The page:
|Portrayed by||Jack Coleman|
|First appearance||Red Carpet Treatment|
|Last appearance||Red Carpet Treatment|
|Profession||Business man, construction manager|
|Family|| Jenny Winter (wife, deceased)|
Jackson Winter (son)
Max Winter is a character in Red Carpet Treatment, portayed by Jack Coleman.
Max Winter is a business man, and he's involved in a revenge's case, in his wife's murder.
A former convicted for rape and homicide, Henry Dahl, describe by Jane as a sociopath who should have been in prison and further more says he doesn’t care who killed this creep. Dahl is the killer of Winter's wife. Outside he is accosted by this show’s answer to Nancy Grace, Karen Cross, whom he rebuffs in order to go sleep in the van. She gets her revenge, though, catching his nap on camera and putting it on what I’m guessing is national television.
Things get really interesting when we learn more about Karen and her connection to Dahl. Not only was he to appear on her talk show following his name being cleared by DNA evidence, she was the state prosecutor who put him away… and her perfect conviction record was ruined with his release. When she and Lisbon go head to head on the set of her show, Lisbon intimates that she left the prosecutor’s office before she could be fired for an ethical breach — and looking at Karen Cross, I have no trouble believing that.
Jane has snuck off as he does to find tea in the green room, and Karen’s two guests: Henry’s mother, Judy Dahl, and the widower of Dahl’s victim. Max Winter’s wife, Jenny, was raped and had her throat cut by Dahl. Max has a peace about the whole thing, which revenge-obsessed Jane naturally finds fascinating. Even if he does ask if the peace comes from shooting his wife’s killer. At least he isn’t alone — Karen doesn’t buy his “reconciliation” bit either.
At a halfway house, Cho and Rigsby are checking out Dahl’s residence. The manager said a girl visited him there, and when they are let in the place is in shambles. Rigsby is sullen because the FBI agent from last week is romancing Grace, and he gets to watch. But this spurs him to be the big hero — when they find someone hiding under the bed and he runs, he lets Cho chase after him while he goes for an aerial attack, jumping off the balcony. At least he is productive in his jealousy.
The man is Artie Mock, who ran a drug business with Dahl when they were both in junior college and is owed twenty-two thousand dollars. Dahl had said the money was gone because the drugs had been confiscated, but when he talked about taking his girlfriend to Jamaica, Artie thought he’d been lying.
Jane goes to see Max at the shooting range, which of course seems awfully confident given he’s a suspect. Max describes the act of shooting a gun as pain relief, and entices Jane to try it. He refuses, noting his pain is “nothing a gun will fix.” Sometimes I just really want to hug him.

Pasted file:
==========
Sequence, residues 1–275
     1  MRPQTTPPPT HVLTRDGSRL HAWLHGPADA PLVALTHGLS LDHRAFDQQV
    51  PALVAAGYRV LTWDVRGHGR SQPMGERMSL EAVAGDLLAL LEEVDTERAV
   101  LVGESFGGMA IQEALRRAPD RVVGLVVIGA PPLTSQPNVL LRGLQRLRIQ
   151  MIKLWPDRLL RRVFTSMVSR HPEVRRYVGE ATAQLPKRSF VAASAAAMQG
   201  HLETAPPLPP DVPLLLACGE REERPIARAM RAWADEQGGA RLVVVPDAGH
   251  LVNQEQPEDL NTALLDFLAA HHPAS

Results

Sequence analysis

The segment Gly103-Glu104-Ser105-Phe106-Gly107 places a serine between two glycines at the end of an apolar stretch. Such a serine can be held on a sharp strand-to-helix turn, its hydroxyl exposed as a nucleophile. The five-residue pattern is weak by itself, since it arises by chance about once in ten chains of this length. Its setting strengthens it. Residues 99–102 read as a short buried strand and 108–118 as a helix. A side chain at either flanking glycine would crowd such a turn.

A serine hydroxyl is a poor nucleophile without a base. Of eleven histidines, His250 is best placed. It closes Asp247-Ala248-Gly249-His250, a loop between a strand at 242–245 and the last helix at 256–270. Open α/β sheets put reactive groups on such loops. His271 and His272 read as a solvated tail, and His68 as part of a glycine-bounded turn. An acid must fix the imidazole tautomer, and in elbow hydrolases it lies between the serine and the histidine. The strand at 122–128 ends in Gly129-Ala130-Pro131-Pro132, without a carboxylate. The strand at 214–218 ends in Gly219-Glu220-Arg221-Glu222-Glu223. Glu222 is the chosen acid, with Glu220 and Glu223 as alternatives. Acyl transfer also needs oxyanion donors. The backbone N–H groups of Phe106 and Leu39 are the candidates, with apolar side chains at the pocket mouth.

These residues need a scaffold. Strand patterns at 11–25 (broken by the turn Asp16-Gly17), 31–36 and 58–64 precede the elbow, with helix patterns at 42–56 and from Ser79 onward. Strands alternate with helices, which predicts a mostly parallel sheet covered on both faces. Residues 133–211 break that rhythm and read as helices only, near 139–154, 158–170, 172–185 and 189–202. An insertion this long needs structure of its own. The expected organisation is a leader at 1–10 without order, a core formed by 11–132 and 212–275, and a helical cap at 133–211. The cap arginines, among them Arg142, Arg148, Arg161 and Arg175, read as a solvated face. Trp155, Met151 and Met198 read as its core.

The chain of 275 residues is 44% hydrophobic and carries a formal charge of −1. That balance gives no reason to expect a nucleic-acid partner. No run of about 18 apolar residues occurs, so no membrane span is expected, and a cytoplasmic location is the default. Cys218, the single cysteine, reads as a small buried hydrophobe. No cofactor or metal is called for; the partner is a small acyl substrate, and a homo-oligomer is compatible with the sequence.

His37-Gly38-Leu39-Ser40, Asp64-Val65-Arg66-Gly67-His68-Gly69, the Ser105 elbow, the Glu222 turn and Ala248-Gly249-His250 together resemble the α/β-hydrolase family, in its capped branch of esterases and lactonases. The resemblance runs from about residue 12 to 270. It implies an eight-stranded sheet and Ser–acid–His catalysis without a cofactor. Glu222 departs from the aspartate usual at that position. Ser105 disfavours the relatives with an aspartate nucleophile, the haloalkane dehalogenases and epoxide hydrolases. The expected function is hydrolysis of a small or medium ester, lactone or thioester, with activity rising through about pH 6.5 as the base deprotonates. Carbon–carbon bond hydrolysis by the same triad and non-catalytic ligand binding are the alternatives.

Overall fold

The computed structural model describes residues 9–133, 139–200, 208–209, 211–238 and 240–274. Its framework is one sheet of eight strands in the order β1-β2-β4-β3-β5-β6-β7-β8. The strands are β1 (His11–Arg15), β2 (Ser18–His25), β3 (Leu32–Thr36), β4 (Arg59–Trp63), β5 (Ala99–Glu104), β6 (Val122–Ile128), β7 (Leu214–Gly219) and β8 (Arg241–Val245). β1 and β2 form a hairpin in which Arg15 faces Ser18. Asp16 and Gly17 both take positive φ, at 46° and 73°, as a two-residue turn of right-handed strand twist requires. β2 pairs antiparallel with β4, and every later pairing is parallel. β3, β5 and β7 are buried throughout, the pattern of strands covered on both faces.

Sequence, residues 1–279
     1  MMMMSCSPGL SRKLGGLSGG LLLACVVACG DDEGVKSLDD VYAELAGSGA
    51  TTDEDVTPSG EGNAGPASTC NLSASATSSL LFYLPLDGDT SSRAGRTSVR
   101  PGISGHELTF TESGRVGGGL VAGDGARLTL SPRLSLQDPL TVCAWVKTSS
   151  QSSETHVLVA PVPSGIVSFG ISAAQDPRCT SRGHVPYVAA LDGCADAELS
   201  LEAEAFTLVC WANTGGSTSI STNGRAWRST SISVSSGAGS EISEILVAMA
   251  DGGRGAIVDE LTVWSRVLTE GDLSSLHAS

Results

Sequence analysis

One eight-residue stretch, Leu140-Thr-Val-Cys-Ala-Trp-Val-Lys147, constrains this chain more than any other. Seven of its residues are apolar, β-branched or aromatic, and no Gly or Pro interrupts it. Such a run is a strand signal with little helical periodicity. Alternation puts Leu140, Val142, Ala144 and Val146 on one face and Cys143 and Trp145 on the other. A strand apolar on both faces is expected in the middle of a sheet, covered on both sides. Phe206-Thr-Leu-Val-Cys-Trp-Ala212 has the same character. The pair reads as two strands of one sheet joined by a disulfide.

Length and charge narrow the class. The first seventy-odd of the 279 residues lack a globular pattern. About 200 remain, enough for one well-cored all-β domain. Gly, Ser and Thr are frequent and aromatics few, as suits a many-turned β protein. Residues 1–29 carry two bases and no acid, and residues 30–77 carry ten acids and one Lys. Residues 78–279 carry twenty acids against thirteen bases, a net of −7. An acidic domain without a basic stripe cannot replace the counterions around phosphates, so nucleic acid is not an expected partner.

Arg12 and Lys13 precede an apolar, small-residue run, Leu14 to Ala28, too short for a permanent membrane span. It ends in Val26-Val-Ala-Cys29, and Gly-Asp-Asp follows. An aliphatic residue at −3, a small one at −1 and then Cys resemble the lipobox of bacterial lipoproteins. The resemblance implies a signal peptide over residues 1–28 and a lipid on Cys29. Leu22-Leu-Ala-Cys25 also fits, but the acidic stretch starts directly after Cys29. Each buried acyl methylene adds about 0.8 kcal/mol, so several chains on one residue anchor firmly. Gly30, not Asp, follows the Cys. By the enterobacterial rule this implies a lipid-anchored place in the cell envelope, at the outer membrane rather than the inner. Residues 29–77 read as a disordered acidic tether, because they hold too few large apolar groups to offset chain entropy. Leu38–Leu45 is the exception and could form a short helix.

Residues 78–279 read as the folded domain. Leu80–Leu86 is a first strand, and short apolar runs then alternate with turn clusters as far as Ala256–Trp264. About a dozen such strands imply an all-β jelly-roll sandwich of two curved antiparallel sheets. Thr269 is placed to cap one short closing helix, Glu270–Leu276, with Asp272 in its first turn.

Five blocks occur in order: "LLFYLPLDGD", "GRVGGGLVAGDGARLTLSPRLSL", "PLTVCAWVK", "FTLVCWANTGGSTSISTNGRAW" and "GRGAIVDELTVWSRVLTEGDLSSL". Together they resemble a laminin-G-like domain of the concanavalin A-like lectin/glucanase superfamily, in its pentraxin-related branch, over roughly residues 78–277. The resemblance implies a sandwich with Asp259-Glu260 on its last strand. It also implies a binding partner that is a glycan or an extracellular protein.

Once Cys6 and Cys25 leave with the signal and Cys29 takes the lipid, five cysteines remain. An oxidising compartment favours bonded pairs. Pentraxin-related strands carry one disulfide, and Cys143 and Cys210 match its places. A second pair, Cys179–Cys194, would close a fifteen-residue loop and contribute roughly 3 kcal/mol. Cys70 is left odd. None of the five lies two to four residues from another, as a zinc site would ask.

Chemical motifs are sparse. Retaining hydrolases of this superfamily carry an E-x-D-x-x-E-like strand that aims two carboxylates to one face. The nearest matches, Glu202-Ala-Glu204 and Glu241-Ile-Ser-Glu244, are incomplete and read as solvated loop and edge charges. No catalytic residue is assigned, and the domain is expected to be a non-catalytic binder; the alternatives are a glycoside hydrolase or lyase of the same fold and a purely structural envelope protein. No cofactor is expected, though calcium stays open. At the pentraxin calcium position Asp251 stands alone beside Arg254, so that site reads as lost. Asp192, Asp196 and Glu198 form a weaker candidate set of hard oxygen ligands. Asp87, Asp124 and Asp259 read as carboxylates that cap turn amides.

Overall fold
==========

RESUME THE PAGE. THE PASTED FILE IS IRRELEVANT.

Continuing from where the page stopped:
Dahl’s girlfriend in question is Betsy Meyers, who is actually married to Sean Meyers. She insists that she’d been writing him as friends, but the e-mails are a little racy for “just friends” conversation. Jane performs one trick — handing off Rigsby’s gun to them — to determine they are not the killers, either of them. They can’t handle a gun.
Outside while waiting for the van and Lisbon, Karen Cross “serves” Jane to perform his mojo in front of a studio audience. He accepts, although Lisbon is Not Amused. He brings candles in for the audience and derails Karen quickly before she can show a clip of his last talk show experience — the one that ended in the deaths of his wife and daughter. But he puts on the show in true, cynical Jane fashion, calling on Henry’s spirit to light the candle of his killer. Jackson Winter’s candle lights up, but it’s only to ferret out Max — who then confesses to shooting Dahl, but not killing him.
Max’s real estate company came to own a warehouse where police evidence was kept, so he swapped the DNA evidence out and freed Dahl from prison, spending eight years planning his revenge. He says when he got to the hotel to do the deed, Dahl was already dead from a blow to the head. He shot him in the face anyway.
After a brief dramatic scene with Betsy and Sean on the supports of a bridge, ready to jump, Sean is arrested for the murder of Henry Dahl. He offered to pay Dahl to stay away from Betsy, and when Dahl threatened Betsy’s life, he brained him using what seems to be a liquor bottle. Jane points out to the attorney that it’s likely both will walk for the murder, and indeed, the attempted murder charges against Max are dropped.
Max brings him a gift, and in the simplest but most beautiful moment of the episode, Jane asks him if it was worth it — that the man who killed his wife no longer exists. We want Max to demur somehow, tell him that no, it wasn’t, but such things cannot be. He tells Jane, “Yes it was.” If they keep putting successful revenge tales in Jane’s path, I do not see this ending happily. Max then pushes Jane to kill Red John, an idea that Patrick has already, however.
Jane opens his gift once he’s alone again, and takes it out of its box — a new shiny pistol in his hand.
Jane, with Max's gun, kills Timothy Carter, a man who affirm to be Red John (in reality he's only an accomplice, who probably follows the Red John's orders).